MEASURING HUMAN FREEDOM
Give thanks to the Lord for His mercies which are new every morning!
“The steadfast love of the Lord never ceases; his mercies never come to an end; they are new every morning; great is your faithfulness.” (Lam 3:22-23)
Do you think you live in a free country? How do you define “free”? To help answer these questions, the new “Human Freedom Index” (HFI) has just been released….
The five freest countries are: Switzerland, Hong Kong, New Zealand, Ireland and Australia. The U.S. ranks number 17. In addition to economic freedoms, the authors have also included measures of safety and security, religion, expression and information, association and assembly, the rule of law and others. Countries or locales with high crime rates where the law abiding are afraid to walk the streets after dark clearly reduce freedom. Prohibitions on peaceful assembly and limitations on what may be communicated over the internet or published also rob people of their freedom.
The authors use the classic definition of freedom as expressed by the father of modern political philosophy, John Locke, that freedom implies that an individual not “be subject to the Will of another, but freely follow his own.” In other words, freedom implies that individuals have the right to lead their lives as they wish as long as they respect the equal rights of others….
One of the great advantages of being “rich” is that usually you can move your property and person to a jurisdiction where they are well treated. There have been endless experiments where countries have imposed very high tax rates on the rich — only to see the rich move. There is an interesting experiment taking place at the moment as a result of the Trump tax-rate reductions — which, while benefitting most Americans, does make it more expensive for the very wealthy who live in places like New York, New Jersey and Connecticut….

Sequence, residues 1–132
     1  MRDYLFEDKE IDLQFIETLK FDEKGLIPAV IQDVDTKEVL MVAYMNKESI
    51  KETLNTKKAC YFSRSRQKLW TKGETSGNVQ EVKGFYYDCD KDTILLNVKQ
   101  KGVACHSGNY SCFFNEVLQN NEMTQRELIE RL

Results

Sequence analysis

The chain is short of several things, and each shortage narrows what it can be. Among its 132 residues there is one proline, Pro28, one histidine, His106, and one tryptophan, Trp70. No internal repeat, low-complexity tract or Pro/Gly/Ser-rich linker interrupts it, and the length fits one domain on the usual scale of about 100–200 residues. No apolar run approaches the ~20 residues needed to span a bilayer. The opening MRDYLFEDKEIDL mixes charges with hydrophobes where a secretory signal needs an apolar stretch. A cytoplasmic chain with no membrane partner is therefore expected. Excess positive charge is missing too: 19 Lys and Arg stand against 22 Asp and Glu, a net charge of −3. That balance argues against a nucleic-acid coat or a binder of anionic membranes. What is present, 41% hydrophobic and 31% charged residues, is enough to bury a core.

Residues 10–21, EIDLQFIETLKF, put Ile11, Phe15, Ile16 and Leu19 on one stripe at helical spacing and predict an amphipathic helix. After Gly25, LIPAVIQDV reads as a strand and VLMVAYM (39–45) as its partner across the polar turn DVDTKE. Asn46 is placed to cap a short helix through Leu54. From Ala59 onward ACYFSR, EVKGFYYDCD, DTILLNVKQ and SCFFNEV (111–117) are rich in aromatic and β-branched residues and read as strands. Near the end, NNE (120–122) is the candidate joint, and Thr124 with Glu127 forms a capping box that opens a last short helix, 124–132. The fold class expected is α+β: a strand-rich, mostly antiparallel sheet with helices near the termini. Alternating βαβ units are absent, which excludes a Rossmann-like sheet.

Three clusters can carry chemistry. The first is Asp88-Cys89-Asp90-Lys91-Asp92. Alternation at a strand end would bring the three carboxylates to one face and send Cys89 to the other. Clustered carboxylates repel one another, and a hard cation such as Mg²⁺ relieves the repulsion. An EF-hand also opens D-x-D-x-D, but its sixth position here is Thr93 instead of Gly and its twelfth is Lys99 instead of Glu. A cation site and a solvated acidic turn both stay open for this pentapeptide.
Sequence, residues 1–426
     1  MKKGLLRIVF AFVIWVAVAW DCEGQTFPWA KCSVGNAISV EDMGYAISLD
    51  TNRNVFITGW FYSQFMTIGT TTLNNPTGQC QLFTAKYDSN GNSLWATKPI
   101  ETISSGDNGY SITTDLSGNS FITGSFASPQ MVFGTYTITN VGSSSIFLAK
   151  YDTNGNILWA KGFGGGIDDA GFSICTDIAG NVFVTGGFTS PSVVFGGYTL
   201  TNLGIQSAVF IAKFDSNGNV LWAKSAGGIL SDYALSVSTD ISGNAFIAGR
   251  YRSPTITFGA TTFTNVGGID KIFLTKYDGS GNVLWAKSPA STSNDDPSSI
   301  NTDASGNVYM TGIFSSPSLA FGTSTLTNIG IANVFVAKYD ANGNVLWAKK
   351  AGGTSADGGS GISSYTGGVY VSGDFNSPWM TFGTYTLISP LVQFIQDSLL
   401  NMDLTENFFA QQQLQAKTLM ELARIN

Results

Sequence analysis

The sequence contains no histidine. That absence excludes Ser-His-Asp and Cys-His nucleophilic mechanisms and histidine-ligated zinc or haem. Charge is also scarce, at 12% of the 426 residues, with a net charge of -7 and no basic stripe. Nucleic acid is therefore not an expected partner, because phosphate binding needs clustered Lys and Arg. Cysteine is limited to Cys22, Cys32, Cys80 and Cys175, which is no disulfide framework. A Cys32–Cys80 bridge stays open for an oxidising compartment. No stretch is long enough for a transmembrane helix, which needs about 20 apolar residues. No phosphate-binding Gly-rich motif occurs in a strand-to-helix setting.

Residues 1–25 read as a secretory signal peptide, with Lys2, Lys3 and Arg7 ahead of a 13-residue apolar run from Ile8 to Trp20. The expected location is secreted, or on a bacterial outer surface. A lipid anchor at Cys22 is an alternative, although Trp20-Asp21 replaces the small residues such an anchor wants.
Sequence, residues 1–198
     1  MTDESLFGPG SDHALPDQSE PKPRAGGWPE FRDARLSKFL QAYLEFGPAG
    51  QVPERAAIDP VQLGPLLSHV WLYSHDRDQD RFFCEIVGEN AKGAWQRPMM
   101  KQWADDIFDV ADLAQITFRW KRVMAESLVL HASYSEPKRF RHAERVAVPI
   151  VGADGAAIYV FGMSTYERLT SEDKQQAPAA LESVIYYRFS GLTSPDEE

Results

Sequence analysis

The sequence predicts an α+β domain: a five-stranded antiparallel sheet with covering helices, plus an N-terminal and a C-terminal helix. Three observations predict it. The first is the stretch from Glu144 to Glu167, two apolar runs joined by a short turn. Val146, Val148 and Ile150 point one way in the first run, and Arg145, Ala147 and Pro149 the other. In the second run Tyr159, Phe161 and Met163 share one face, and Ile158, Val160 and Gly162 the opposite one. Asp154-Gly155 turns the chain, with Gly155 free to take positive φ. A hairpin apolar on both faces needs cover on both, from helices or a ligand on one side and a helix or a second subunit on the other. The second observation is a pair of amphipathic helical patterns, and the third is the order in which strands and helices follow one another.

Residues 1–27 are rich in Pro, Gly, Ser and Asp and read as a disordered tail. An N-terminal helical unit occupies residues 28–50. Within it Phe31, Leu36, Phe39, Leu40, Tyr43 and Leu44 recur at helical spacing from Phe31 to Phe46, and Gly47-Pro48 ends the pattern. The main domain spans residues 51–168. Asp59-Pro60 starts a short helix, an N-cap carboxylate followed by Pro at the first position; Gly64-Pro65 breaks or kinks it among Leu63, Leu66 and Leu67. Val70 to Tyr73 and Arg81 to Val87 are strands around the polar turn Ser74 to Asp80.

Economists James Gwartney, Robert Lawson and Walter Block defined economic freedom as when individuals acquired property “without the use of force, fraud, or theft, is protected from physical invasions by others and they are free to use, exchange, or give their property as long as their actions do not violate the identical rights of others.”
Economic freedom, including the protection of private property, cannot exist without the rule of law. As John Locke explained, a society ruled “by law, not men” implies that laws apply to everybody, including the authorities; and that they be publicly known and understood, and that they limit the arbitrary decisions of rulers. The rule of law also embodies the concept of due process and protection of the rights of the accused.
The right to life and safety from physical aggression by others is fundamental to having liberty. The right to travel is a basic human freedom, and governments that try to restrict it deny their citizens the ability to maximize their opportunities and engage in peaceful activities of their choosing….
Few would argue that the top 10 ranked countries are much freer than those in the middle or at the bottom. Hong Kong comes in at number 2, yet it is not a democracy. It is still governed by the basic law — which protects most civil and economic liberties — until China regains full control.
The authors have provided a real service in fostering the debate about what it means to be free, and which jurisdictions provide the greatest and the least freedom. (Excerpts from Richard W. Rahn’s article in The Washington Times – Richard W. Rahn is chairman of Improbable Success Productions and on the board of the American Council for Capital Formation.)
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